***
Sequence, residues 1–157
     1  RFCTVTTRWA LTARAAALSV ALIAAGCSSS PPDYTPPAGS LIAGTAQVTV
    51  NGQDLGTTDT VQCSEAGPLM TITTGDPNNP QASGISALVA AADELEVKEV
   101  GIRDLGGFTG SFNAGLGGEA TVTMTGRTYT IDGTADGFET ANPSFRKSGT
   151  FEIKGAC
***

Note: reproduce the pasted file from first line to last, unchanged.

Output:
Sequence, residues 1–157
     1  RFCTVTTRWA LTARAAALSV ALIAAGCSSS PPDYTPPAGS LIAGTAQVTV
    51  NGQDLGTTDT VQCSEAGPLM TITTGDPNNP QASGISALVA AADELEVKEV
   101  GIRDLGGFTG SFNAGLGGEA TVTMTGRTYT IDGTADGFET ANPSFRKSGT
   151  FEIKGAC